The international panel of independent judges wrote about avast! Mobile Security, “One of the best security apps for tablets. Setup is quick and easy. UI is refreshing and simple yet functional. Capabilities and ease of use are outstanding. Very solid. This application is the complete mobile security package.”

The crowning achievement for the developers of avast! Mobile Security is the Users’ Choice award, given by real app users. In June and July, app users voted on the TabbyAwards.com site for their favorite app among panel-selected finalists in each category. The full list of Winners, Users’ Choice and Finalists, with links to download them, is available at TabbyAwards.com.

You ain’t seen nothing yet

The judges and users thought that the current version of avast! Mobile Security has a “refreshing” and “simple yet functional” user interface.  Well, it’s about to get even better!

Android Power Users: Join us as a beta tester and provide feedback on the new, improved avast! Mobile Security user interface. Visit the avast! Google+ page to join the beta community and learn how you can earn a free 1-year license for avast! Mobile Premium.

Thank you for using avast! Antivirus and recommending us to your friends and family. For all the latest news, fun and contest information, please follow us on FacebookTwitterGoogle+ andInstagram. Business owners – check out our business products.

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July 24th, 2014

Mobile development start-up Inmite joins AVAST team!

logo Inmite

Inmite acquisition adds 40 mobile developers to AVAST’s growing mobile business

Our 220 million AVAST users are moving many of their online activities to mobile devices, just like the rest of the world. Cybercriminals are well aware of the shift and are increasing their activities as well. In order to better protect our current and new mobile users, we are pleased to announce that we brought Inmite, a mobile application development firm, into the AVAST family.

Through this acquisition, we are adding 40 very talented and experienced mobile developers to our growing mobile business.

“Inmite’s team consists of great mobile developers and by joining AVAST, they’re going to further accelerate our growth and expand our capabilities across mobile platforms,” said Vince Steckler, CEO at AVAST.

Inmite has built more than 150 mobile iOS, Android and Windows Phone apps for the automotive, banking, media and telecommunications industries since 2008. The company is recognized as a Top Developer on Google Play, and also developed the world’s first Google Glass banking prototype, and other ‘internet of things’ devices.

“In order to make a greater impact worldwide, we wanted to go big with a global mobile leader who believes in technologies for the future. AVAST shares this vision and is the ideal partner for us,” said Barbora Petrová, spokesperson of Inmite.

Read more on VentureBeat, Avast acquires Czech mobile dev shop Inmite, and in the official press release.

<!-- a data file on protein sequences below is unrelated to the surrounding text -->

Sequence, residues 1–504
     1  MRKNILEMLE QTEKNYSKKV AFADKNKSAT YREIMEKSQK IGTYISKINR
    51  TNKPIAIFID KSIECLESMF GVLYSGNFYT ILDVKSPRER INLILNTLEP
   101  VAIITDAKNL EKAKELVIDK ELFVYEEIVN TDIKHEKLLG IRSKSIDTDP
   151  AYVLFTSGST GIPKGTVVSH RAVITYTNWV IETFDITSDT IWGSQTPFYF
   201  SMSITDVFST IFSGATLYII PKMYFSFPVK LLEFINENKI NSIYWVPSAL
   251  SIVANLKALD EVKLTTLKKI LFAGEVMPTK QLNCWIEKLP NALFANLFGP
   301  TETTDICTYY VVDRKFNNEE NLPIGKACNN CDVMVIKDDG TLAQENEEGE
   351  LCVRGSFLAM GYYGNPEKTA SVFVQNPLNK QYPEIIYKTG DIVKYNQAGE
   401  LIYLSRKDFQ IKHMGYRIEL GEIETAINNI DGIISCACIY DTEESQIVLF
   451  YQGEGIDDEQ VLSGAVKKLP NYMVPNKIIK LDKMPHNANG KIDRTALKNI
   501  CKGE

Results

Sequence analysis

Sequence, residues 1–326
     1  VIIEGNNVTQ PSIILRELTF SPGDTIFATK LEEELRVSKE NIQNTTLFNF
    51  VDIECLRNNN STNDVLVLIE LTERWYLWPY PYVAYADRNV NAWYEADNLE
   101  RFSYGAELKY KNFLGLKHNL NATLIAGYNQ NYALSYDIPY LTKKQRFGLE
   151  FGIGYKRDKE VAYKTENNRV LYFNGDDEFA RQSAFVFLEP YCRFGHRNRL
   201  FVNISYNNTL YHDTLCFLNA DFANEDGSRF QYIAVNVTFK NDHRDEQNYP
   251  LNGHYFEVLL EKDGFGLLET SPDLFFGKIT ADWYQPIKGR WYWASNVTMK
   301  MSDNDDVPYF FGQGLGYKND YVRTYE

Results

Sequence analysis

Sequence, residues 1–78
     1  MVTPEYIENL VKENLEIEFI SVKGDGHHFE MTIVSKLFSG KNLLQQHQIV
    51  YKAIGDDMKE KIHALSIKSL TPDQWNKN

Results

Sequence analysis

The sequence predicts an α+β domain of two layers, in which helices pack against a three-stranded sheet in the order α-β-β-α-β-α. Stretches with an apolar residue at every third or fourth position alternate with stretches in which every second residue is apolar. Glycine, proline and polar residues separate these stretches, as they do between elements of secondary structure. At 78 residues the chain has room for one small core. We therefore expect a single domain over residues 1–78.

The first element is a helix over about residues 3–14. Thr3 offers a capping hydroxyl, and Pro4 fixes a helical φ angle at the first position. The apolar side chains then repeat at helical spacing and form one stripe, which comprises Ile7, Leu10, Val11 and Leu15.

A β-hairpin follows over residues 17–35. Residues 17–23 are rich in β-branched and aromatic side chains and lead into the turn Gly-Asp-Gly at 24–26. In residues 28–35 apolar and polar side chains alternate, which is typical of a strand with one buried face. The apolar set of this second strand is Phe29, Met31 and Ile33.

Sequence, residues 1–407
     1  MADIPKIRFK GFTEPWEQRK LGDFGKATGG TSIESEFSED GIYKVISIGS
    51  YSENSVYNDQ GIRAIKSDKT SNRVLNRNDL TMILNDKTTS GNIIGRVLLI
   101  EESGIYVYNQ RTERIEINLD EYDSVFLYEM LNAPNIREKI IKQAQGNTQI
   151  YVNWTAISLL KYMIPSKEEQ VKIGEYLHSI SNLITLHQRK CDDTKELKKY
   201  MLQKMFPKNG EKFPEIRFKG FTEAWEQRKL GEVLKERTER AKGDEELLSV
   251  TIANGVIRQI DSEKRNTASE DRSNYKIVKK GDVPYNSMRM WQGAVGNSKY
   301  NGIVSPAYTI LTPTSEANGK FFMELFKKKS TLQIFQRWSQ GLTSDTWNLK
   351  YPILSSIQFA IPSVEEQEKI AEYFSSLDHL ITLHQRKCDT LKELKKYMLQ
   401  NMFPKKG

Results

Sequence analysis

AVAST Software acquires Inmite mobile development start-up

Avast co-founders Eduard Kucera and Pavel Baudiš take a Selfie with Inmite company founders.

Thank you for using avast! Antivirus and recommending us to your friends and family. For all the latest news, fun and contest information, please follow us on Facebook, Twitter, Google+ and Instagram. Business owners – check out our business products.

July 11th, 2014

Six ways to secure your smartphone

AR AMSpost-enI bet you would be lost without your smartphone. It’s your lifeline to contacts, emails, and personal information, not to mention all those apps that you use for fun, entertainment, and business. You probably have bought something using your phone, so your credit card information is there, as well as your account log ins. In other words, it would be disastrous to lose it to a thief or be infected with a data-stealing app.

Keep reading for some solid tips that will help you secure your Android smartphones and tablets.

1. Install security software

Protect your smartphone or tablet from malicious attacks. Malware targeted at Android devices is increasing daily, and we project that it will be at PC levels in the next 4 years. Even though malware is not likely to affect you (yet), avast! Mobile Security & Anti-theft protects your device , plus it helps you locate your device if it is lost or stolen.

TIP: When you upgrade to avast! Mobile Premium you get a feature called Password Check. This feature keeps nosy people and data thieves from snooping around your messages or emails. After 3 wrong attempts to break in, your phone is locked.

2. Use trusted stores to install apps

Malware may not be a huge threat yet, but cybercrooks are using apps in subtle ways, so you need to be aware of what you’re downloading onto your device. The major app stores like Google Play and Amazon are the safest places to go for apps. These have rigorous vetting procedures, so they are reliable sources. The ones you need to watch out for are the unregulated third party app stores predominantly from the Asia or the Middle East.

TIP: For an extra safeguard on your Android device, stop the installation of apps from unknown sources. Go to Settings>Security and uncheck the Unknown Sources option. Check the Verify Apps option to block or warn you before installing apps that may cause harm.

3. Use a PIN or password and lock your apps

Your Android phone has its own security settings, so we recommend that you set a PIN number with a strong number code to the lock screen. To set your PIN go to Settings>Lock screen to set a pattern or passcode.

TIP: Use avast! Mobile Security App Lock to set a PIN for apps you want to keep private, like online shopping and banking apps. You can lock any two apps with a PIN/gesture using our free product; get unlimited app locking with the Premium product.

Read more…